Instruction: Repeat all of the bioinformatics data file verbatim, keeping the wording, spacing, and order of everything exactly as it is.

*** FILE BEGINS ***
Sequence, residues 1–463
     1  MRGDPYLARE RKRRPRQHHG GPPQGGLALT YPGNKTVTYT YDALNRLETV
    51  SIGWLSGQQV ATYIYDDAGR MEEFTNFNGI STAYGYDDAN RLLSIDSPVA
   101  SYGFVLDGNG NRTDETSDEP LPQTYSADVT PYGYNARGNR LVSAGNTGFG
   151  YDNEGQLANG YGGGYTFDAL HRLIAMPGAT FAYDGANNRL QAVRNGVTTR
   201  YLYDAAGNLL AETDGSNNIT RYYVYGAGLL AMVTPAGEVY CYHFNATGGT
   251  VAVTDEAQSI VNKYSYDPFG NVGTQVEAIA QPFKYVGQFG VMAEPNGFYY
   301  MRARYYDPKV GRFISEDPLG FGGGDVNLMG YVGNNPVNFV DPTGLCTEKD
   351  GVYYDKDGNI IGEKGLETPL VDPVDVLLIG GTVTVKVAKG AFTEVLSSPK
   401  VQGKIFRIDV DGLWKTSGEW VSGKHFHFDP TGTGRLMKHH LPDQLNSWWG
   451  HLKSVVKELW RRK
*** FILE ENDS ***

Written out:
Sequence, residues 1–463
     1  MRGDPYLARE RKRRPRQHHG GPPQGGLALT YPGNKTVTYT YDALNRLETV
    51  SIGWLSGQQV ATYIYDDAGR MEEFTNFNGI STAYGYDDAN RLLSIDSPVA
   101  SYGFVLDGNG NRTDETSDEP LPQTYSADVT PYGYNARGNR LVSAGNTGFG
   151  YDNEGQLANG YGGGYTFDAL HRLIAMPGAT FAYDGANNRL QAVRNGVTTR
   201  YLYDAAGNLL AETDGSNNIT RYYVYGAGLL AMVTPAGEVY CYHFNATGGT
   251  VAVTDEAQSI VNKYSYDPFG NVGTQVEAIA QPFKYVGQFG VMAEPNGFYY
   301  MRARYYDPKV GRFISEDPLG FGGGDVNLMG YVGNNPVNFV DPTGLCTEKD
   351  GVYYDKDGNI IGEKGLETPL VDPVDVLLIG GTVTVKVAKG AFTEVLSSPK
   401  VQGKIFRIDV DGLWKTSGEW VSGKHFHFDP TGTGRLMKHH LPDQLNSWWG
   451  HLKSVVKELW RRK